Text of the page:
Hawkins, who pitched the previous two games against the Diamondbacks and didn't throw in Sunday's 6-4 loss, said many factors have led to the gradual reduction in the number of black players in the Majors. But he knows of one who has the desire.
"I can speak for one kid," Hawkins said. "I have a little cousin that plays baseball in Gary, Ind., Jay, and he's 13. And he loves the game. He'd rather be playing baseball than doing a lot of other things. He loves the game in a way you don't see in African-American kids today. His love is totally different.
"He loves everything about it, the thinking part, the failure -- the fact that it's the only game where you can fail a lot and still be successful. Sometimes when kids fail, they don't want to try again."
The attention paid by African-American youths to basketball and football instead of baseball, the expense of the game at the youth level and the fact the NCAA limits baseball to 11.7 scholarships are factors that have been discussed much with the attention to Robinson's accomplishment.
Hawkins pointed out that it takes more to make it in baseball today. Some families simply can't afford this love affair.
"I tell him every day that his dad is making so many sacrifices for him to be able to play baseball, because he really wants to play the game," Hawkins said. "Now, if he didn't want to play the game, my cousin probably wouldn't be making those sacrifices.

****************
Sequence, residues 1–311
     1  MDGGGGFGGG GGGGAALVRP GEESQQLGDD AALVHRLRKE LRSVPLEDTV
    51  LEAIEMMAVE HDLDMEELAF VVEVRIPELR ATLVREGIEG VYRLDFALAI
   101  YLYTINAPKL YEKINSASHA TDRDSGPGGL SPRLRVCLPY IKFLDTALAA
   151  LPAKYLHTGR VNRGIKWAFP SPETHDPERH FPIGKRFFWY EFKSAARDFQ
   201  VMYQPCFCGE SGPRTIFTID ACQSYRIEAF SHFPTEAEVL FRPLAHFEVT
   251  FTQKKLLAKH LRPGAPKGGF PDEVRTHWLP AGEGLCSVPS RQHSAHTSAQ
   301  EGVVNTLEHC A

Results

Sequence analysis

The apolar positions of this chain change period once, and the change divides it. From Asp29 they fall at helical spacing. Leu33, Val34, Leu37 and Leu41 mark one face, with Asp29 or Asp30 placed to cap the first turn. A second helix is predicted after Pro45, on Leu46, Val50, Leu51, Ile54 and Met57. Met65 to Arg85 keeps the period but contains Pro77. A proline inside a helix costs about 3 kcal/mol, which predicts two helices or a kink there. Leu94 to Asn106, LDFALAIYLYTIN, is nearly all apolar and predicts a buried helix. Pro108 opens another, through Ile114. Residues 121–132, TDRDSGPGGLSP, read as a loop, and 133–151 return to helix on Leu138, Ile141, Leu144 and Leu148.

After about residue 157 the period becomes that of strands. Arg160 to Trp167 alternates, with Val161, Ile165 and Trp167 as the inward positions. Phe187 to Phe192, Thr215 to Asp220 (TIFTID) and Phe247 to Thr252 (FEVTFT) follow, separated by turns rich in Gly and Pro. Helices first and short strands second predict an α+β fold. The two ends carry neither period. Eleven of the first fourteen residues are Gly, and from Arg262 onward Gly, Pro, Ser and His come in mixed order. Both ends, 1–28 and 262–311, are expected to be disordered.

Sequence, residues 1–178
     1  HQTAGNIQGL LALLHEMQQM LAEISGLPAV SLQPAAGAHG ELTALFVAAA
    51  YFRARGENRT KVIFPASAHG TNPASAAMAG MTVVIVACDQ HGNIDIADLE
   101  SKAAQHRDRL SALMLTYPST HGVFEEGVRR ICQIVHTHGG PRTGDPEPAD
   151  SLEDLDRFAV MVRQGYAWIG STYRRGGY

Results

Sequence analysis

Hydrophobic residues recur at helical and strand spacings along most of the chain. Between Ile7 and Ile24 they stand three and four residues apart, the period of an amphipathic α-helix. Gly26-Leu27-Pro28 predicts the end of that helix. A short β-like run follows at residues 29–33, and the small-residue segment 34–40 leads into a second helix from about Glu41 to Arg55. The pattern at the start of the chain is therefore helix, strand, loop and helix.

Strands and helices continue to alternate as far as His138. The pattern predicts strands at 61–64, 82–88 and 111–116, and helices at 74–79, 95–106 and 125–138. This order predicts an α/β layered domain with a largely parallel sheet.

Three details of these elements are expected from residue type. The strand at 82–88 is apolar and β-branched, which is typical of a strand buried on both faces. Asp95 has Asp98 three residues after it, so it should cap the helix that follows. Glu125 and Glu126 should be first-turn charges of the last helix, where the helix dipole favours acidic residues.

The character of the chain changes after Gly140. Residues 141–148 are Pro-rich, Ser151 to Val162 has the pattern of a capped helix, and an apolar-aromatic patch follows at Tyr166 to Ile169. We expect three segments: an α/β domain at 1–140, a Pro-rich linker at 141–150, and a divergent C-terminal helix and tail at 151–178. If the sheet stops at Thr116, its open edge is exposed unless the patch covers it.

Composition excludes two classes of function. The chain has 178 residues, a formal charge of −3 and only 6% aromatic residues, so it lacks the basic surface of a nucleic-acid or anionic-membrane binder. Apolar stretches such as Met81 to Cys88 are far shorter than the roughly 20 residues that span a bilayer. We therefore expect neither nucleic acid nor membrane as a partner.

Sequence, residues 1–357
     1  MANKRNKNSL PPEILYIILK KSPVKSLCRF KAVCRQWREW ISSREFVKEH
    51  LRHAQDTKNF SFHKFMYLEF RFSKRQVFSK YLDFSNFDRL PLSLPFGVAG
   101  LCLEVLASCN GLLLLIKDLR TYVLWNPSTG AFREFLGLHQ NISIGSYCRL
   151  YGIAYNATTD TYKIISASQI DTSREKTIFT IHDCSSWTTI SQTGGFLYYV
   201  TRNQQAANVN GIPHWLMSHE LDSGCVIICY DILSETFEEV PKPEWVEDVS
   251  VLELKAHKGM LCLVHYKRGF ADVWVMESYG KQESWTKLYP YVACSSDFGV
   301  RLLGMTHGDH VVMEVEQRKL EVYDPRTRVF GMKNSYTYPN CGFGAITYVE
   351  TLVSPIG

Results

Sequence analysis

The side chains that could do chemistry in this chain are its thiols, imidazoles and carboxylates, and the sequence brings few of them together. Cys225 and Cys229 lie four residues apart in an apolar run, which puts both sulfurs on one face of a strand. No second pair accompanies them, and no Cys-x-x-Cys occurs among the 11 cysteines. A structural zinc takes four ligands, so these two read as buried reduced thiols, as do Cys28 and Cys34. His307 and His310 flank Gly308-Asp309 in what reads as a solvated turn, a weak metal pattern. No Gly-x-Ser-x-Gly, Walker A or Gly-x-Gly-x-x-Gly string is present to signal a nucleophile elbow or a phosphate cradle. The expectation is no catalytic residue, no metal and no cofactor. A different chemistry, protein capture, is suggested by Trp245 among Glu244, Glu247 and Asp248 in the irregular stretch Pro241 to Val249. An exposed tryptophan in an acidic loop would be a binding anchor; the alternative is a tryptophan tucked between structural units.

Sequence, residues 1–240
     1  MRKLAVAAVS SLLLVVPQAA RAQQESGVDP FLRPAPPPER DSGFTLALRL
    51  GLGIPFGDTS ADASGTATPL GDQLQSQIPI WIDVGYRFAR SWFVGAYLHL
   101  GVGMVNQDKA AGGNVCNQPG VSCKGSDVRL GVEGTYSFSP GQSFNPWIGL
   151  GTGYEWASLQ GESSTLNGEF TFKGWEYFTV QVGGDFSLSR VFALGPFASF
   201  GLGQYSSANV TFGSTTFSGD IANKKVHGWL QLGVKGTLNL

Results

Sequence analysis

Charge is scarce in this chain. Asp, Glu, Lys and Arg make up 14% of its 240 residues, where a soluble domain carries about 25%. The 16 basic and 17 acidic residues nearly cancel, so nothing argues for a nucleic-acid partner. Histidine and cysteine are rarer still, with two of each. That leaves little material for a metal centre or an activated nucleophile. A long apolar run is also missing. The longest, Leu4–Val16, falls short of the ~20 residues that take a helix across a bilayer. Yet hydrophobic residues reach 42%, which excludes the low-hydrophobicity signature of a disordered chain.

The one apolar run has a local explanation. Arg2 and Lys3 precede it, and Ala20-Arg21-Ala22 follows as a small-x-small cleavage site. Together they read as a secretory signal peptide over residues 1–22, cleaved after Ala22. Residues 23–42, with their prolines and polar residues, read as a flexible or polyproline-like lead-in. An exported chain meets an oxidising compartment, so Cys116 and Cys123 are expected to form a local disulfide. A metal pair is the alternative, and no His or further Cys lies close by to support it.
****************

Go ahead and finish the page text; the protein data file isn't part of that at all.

"He plays on a travel team, and his dad works in a steel mill. It's $1,200-$1,500. That's a lot of money and that's just for uniforms and tournaments. That doesn't include the $5 to get into the games for my cousin, his girl and his other son.
"And I bought him a bat this year, and it was $299. Everything about the game is too expensive, way too expensive, especially for the average income or the below-average income. If a family is making $30,000 a year, they're thinking, 'Maybe I'll pay this money to send my kid to a private school.'"
For Sunday, though, Hawkins was humbled and happy. He also wound up with an unintentional keepsake.
The original No. 42 the Rockies issued had his last name on the back, but MLB insisted that the game jerseys not have that. So Hawkins got to keep that one. The official game jersey will be auctioned.
Thomas Harding is a reporter for MLB.com. This story was not subject to the approval of Major League Baseball or its clubs.